Kiplinger: – Junky bonds deliver rich yield in this actively managed ETF. – he vast majority of exchange-traded funds track an index and charge rock-bottom fees. Advisor Shares Peritus High Yield is one of a rare breed of ETFs that does neither—without any harm, so far, to its shareholders. Over the past year, Peritus outpaced the average junk-bond ETF by 3.8 percentage points.

WSJ: – Junk-bond fund manager warns of high risk. – The manager of the second biggest high-yield-bond fund wants to remind investors that junk bonds can be risky—especially right now.

Washington Post: – Junk bonds favored as BlackRock ETF leads flows. – Bond investors who see no end to the financial repression that’s pushed yields to record lows are piling even more money into notes of the riskiest companies, wagering that central banks will keep propping them up.

About.com: – 3 reasons why high yield bonds’ past performance won’t be repeated. – High yield bonds have amply rewarded investors since the asset class first emerged in the early 1980s. High yield has topped all other bond market categories in the trailing five- and ten-year periods, and it has produced double-digit gains in 17 of the past 34 years. Not least, it has produced outstanding returns in relation to the underlying risk, giving it superior risk-adjusted returns versus both stocks and other segments of the bond market.

Yahoo Finance: – No denying strong demand for short duration, high yield bonds. – Allianz bond fund manager, James Dudnick says the duration of his fund is currently around 1.5 years and the yield approximately 4.5%. He looks for companies that are not overly leveraged and sees a few pockets within the high yield universe becoming overvalued, most notably Triple C rated bonds. Finally, Dudnick says supply is not a problem because the calendar has been full of refinancings which in turn strengthens corporate balance sheets.

Income Investing: – Liquidity keeps improving for junk-rated companies – Moody’s. – Even if junk bonds look exceptionally overvalued, the financial health of the companies that issue them keeps getting better. Moody’s reports today that the liquidity of US speculative-grade companies continued to improve in May, “indicating that concerns about default risk remain modest.”

WSJ: – Junk-bond fund manager warns of high risk. – The manager of the second biggest high-yield-bond fund wants to remind investors that junk bonds can be risky—especially right now.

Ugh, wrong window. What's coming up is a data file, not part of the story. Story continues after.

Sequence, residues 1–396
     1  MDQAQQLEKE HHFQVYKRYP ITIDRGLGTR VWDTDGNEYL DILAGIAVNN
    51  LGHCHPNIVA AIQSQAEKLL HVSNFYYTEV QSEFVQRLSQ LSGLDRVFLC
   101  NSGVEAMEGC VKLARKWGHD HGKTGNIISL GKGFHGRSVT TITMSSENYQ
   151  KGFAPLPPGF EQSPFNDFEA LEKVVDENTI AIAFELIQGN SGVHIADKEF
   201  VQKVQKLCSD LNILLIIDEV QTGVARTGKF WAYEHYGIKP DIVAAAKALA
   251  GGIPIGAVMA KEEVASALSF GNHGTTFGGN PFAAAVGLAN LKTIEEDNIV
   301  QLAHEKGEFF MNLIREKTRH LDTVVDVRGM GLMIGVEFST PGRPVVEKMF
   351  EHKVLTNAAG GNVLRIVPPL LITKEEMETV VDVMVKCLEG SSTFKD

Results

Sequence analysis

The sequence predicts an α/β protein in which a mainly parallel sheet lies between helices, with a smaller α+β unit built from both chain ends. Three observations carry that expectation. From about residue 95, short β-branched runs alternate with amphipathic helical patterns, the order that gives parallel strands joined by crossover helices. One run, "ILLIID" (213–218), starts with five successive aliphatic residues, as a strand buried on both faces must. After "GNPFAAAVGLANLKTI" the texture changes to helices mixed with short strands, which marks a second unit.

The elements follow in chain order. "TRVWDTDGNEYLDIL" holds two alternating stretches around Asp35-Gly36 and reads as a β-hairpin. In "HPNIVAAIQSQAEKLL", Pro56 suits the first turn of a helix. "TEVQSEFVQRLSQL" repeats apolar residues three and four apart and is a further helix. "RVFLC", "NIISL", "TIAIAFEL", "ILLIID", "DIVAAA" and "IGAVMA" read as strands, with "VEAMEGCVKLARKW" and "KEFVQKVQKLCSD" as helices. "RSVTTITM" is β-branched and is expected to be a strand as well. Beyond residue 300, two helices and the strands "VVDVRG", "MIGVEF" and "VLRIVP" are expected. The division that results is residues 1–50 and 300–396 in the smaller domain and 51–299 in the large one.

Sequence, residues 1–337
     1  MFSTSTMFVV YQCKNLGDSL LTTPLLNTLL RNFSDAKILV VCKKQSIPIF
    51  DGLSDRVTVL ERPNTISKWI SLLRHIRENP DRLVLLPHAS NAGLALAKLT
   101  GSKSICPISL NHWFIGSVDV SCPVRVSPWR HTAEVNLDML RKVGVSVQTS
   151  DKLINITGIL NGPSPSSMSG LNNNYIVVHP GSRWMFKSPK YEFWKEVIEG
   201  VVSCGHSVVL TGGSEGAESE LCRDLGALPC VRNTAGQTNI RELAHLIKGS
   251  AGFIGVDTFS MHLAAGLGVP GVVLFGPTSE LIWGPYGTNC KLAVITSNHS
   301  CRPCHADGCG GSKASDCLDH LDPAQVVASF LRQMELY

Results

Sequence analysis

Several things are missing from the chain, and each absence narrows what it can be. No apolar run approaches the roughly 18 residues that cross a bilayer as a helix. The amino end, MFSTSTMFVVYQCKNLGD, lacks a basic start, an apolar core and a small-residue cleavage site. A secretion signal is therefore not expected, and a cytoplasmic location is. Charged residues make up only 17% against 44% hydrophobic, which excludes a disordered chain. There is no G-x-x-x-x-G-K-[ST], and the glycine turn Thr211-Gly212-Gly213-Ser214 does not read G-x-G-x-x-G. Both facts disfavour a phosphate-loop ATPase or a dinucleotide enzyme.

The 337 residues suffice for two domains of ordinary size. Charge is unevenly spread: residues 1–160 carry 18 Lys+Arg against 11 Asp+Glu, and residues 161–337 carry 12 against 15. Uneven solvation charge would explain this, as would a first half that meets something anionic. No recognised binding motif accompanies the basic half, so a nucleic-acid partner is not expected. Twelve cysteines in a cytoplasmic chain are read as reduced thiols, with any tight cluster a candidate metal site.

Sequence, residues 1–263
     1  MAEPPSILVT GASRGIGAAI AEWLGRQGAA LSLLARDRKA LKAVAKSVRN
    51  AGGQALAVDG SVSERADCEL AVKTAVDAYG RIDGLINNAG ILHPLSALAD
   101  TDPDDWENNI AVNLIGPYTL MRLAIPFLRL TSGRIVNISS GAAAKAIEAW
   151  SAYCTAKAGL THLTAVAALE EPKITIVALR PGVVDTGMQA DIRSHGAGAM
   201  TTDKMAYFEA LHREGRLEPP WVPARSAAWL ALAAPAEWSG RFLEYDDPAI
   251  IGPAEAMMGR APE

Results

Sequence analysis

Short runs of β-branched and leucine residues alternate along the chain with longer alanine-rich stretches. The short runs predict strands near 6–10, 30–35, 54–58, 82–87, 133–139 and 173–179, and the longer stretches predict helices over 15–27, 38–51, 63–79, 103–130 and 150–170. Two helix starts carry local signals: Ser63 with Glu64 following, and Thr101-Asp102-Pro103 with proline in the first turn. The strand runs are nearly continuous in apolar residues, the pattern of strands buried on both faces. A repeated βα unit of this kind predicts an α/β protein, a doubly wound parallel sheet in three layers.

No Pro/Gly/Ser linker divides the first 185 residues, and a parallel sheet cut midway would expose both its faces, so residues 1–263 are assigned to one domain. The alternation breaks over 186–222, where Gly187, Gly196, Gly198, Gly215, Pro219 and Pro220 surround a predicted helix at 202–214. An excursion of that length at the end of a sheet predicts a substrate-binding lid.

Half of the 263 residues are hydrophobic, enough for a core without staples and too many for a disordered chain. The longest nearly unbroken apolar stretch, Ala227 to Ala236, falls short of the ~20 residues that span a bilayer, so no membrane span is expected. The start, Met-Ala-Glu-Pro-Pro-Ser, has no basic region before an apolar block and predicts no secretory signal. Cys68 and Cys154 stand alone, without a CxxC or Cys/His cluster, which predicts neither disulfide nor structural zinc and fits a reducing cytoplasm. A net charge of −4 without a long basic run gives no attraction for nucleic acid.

Emerging Markets

Hedge Fund Journal: – EM debt still offers attractive returns. – At the recent BNY Mellon fixed income conference in Paris, Insight Investment’s Colm McDonagh and Standish’s Alexander Kozhemiakin, outlined why emerging market debt should still be considered by investors despite recent volatility.

Catastrophe Bonds

CNBC: – Disaster bond market set to balloon 150% by 2018. – The $20 billion catastrophe bond market is set to grow some 150 percent in the next four years, as bond issuers take on a new range of perils and investors continue the hunt for yield, data from BNY Mellon shows.

 

Investment Strategy

LearnBonds: – Setting the stage for long term rates which are higher than today’s levels. – Yesterday kicked off a busy week for economic data (both at home and abroad). This week we will get manufacturing data, The Fed’s Beige Book report and (probably most importantly) employment data. If we are going to see volatility in June, this will probably be the week we see it.

WSJ: – When investing in bonds, this adviser plays it safe. – With interest rates so low, many financial advisers have trimmed their holdings of U.S. Treasury debt and added riskier fare such as high-grade corporate debt, low-rated junk bonds and emerging-markets debt in the hopes of getting more yield.

Professional Planner: – Income investors should “think horizontally” to capture attractive yields, says AllianceBernstein. – Retirees and other income investors looking for attractive yields may have more opportunities at their disposal than they realise as a result of changes taking place in the world’s high-yield bond markets, global asset manager AllianceBernstein said today.

Roman Chuyan: – Bond yields make some sense. – Bonds do make sense when we consider the abundant global liquidity, and relative yields around the globe. We expect interest rates to rise gradually from here.

InvestorPlace: – The bond rally is done – Why you must sell NOW. – The yield on 10-year U.S. Treasuries has declined almost 18% year-to-date — is more downside ahead? I don’t think so, as technicals combine with sentiment extremes to mark the bond rally’s end.